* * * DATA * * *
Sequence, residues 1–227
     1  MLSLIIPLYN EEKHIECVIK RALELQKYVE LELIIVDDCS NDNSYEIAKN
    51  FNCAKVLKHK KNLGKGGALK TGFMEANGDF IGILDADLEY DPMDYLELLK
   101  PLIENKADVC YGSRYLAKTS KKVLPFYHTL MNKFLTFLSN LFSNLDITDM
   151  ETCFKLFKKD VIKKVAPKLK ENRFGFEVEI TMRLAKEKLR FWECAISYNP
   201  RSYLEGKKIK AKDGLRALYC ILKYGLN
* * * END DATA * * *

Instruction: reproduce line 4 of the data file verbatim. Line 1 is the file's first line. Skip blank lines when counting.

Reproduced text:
   101  PLIENKADVC YGSRYLAKTS KKVLPFYHTL MNKFLTFLSN LFSNLDITDM